Wednesday, August 30, 2017

More about adjective order - some are more noun-y than others

Consider the phenomenology of it: you can take two random adjectives that apply to the same kind of noun and there is always a sense of which comes first. If you ask me rationally: which comes first: 'kind' or 'athletic' I would not know until I tried to say it: a kind athletic person. Sometimes there is a strong sense of order and sometimes a weaker one. For example, I find the relation between "fragrant" and "red" to be fainter than that between "big" and "red". But the sense of order is always there.
Also, it feels like for any pair of adjectives, one will be more "nouny" than the other. So we try "fragrant redness" and "red fragrance". I note that the former could be, but that the latter could not be. Let's try another: kind/old becomes a "kind oldness" or an "old kindness". Ignoring the pun, the latter it is not possible; whereas the former would be stated as a "kind elder". Is "old" more nouny than "kind"? Why is "red" more nouny than "fragrant" and much more nouny than "big"? Or, using the other explanation: a redness could be big but a bigness cannot be red.

For whatever reason this order of adjectives is there in our head - a direct linear ordering. Coming back to the idea that some last-letter/first-letter combos are easier to say than others, there would be evidence for it if we took random words from different adjective categories - note the order taken between one of each, and note the ease of speaking for it.

Tuesday, August 29, 2017

Another (weird) hypothesis about adjective order

Thinking a bit desperately about "big red" working but "red big" not working, I am noticing how the "joint" between the words is "gr" in the first case and "db" in the second - it is no wonder one order sounds better than the other.

So suppose that adjective order was determined by fluidity at the word-word joints. Since there is a more or less real established order of adjectives types, this could only be the case if the words in those category types typically had endings and beginnings that tend to lock together in a tongue pleasing way.

Probably more nonsense. But then I am thinking about "kind erudite" versus "erudite kind" and what possible general rule could explain the very distinct sense that the first is correct and the second is not? It would have to be something about the muscles engaged.


Monday, August 28, 2017

A hyopothesis about adjective order

It reflects the subset ordering of the categories of the words. What is important is what the categories can apply to, as opposed to which value from the category is being spoken of:
 Ah Ha! I have been looking for an example of where adjective order is not strongly felt. How about "a red fragrant flower" versus a "a fragrant red flower"?
NOTE: THIS REALLY DOES NOT WORK: the sweet red apple. The taste-able does not contain the visible. Could it have something to do with "big" and "sweet" being more subjective than "red"? I continue to be at a loss.

Thursday, August 24, 2017

Adjective order is puzzling

It truly is. Joe and I spent an hour or so trying to figure it out. In the end it remains unclear if we just learn things in an order, like a "sweet red candy" but not a "red sweet candy" or whether there is a logic behind it. I prefer to believe there is - I just haven't figured it out.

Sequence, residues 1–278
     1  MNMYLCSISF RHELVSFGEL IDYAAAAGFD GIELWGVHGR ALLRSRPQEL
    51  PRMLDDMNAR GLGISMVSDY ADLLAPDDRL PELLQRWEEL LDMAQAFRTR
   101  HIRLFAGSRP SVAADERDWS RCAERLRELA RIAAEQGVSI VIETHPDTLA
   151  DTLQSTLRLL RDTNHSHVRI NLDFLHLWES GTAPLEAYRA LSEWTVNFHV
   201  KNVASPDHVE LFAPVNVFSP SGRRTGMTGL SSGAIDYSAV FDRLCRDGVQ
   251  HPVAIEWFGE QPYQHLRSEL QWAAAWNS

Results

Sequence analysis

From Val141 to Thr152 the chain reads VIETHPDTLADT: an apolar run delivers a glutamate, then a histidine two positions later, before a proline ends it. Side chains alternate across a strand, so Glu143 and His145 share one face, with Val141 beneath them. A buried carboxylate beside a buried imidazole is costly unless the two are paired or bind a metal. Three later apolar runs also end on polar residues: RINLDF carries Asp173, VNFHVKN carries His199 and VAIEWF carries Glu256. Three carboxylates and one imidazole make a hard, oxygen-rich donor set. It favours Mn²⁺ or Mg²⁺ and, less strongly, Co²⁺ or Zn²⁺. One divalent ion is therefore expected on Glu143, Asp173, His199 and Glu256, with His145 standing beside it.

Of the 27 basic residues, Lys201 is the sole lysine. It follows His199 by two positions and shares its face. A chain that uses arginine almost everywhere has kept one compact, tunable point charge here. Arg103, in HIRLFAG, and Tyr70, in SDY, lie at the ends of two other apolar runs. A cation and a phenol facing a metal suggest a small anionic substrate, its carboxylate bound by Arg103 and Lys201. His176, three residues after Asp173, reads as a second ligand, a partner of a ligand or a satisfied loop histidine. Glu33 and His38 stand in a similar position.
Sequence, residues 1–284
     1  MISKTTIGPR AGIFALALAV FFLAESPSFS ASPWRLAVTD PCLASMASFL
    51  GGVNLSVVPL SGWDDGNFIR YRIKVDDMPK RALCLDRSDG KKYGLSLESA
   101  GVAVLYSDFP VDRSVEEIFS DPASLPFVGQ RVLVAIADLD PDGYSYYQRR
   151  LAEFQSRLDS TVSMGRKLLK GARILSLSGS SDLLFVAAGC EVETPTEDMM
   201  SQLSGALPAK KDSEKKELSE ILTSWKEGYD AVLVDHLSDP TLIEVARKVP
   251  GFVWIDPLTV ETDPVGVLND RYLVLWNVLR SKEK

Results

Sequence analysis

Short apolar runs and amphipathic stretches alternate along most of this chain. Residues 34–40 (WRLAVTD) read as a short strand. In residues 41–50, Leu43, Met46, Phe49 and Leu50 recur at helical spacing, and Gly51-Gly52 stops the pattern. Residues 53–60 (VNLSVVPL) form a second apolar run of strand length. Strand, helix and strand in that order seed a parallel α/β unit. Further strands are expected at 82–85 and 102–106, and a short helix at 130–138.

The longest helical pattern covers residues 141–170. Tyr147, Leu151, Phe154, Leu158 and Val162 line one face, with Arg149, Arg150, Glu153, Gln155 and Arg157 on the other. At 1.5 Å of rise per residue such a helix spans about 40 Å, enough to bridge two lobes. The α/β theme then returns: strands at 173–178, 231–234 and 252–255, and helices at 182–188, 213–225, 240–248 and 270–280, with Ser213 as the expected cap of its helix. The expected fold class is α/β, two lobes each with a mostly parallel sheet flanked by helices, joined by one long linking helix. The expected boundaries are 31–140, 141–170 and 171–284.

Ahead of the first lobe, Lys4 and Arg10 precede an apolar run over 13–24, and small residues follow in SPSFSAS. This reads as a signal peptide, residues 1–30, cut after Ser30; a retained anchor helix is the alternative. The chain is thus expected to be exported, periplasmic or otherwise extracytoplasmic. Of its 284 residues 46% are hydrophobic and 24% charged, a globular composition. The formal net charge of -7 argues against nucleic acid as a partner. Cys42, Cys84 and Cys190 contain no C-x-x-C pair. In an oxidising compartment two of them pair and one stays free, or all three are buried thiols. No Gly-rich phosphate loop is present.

In the case of 'sweet', it modifies nouns in the category of thing in my mouth. Those are entirely within the applicability range of red/not_red. So it is not about what is true or false, rather about how "sweet" applies to a subset of what "red/not_red" applies to.

Barbara and Peter ~1980 1982

Tuesday, August 22, 2017

Wednesday, August 16, 2017

Monday, August 7, 2017

Juxtaposition - a most elementary of mental operations

I cannot get any further back in my mind than to the place where I posit an entity by naming it or in some other fashion. And soon after that comes the idea of juxtaposing multiple entities, where I bring up several things in "my mind's eye". When I juxtapose two things, one of several events occurs: compatibility, alternation, or grouping. [Or sequencing.]

When I juxtapose two noun objects, they sit side by side
When I juxtapose two types of attribute - like red and square, they may form a composite attribute.
When I juxtapose two values of the same attribute - like red and blue or circular and square, they cannot merge and, at best, split a prior object into parts.

Some of the point here, is that your VARs that act as parents over a collection of children should be organized so they are one of the above: alternative, compatible, or groupable. Per what I have was saying about AODiagrams.

Les Fleurs du Jour

Saturday, August 5, 2017

Context grabbing VARs -

I don't know if I have the gist of it but consider this AODiagram interpretation of some basics:
If Narwhal is using a concept tree whose nodes could be labeled as (parents of) compatible, group-able, or alternative children, then I could implement code that checks recently mentioned VARs to see if any are found under a parent labeled in one of those ways.
The purpose of this is to manage indefinite words that refer to context (eg 'it', 'both', 'compare', 'choose',...) . "It" and "both" refer to group-able entities. "Both" also refers to compatible entities. "Choose", "What is the difference" refer to alternative entities.

Wednesday, August 2, 2017

The Vatican should be coming out with a chatbot any day now

So you can talk to God, or maybe the voice of God.